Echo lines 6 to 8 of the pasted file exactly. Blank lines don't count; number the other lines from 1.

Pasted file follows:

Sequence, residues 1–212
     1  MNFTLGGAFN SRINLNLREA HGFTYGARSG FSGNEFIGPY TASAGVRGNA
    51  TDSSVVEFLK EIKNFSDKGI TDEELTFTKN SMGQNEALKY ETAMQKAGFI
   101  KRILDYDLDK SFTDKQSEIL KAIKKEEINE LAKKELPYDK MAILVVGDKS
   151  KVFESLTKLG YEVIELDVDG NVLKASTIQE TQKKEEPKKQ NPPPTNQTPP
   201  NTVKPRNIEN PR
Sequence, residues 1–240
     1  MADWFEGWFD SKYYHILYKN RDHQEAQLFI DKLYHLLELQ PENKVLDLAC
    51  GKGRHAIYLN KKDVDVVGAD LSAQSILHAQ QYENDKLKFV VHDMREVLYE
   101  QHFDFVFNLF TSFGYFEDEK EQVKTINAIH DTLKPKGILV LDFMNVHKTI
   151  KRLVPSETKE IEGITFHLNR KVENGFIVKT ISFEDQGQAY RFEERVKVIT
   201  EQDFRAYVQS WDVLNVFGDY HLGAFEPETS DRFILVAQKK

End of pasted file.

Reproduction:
   201  NTVKPRNIEN PR
Sequence, residues 1–240
     1  MADWFEGWFD SKYYHILYKN RDHQEAQLFI DKLYHLLELQ PENKVLDLAC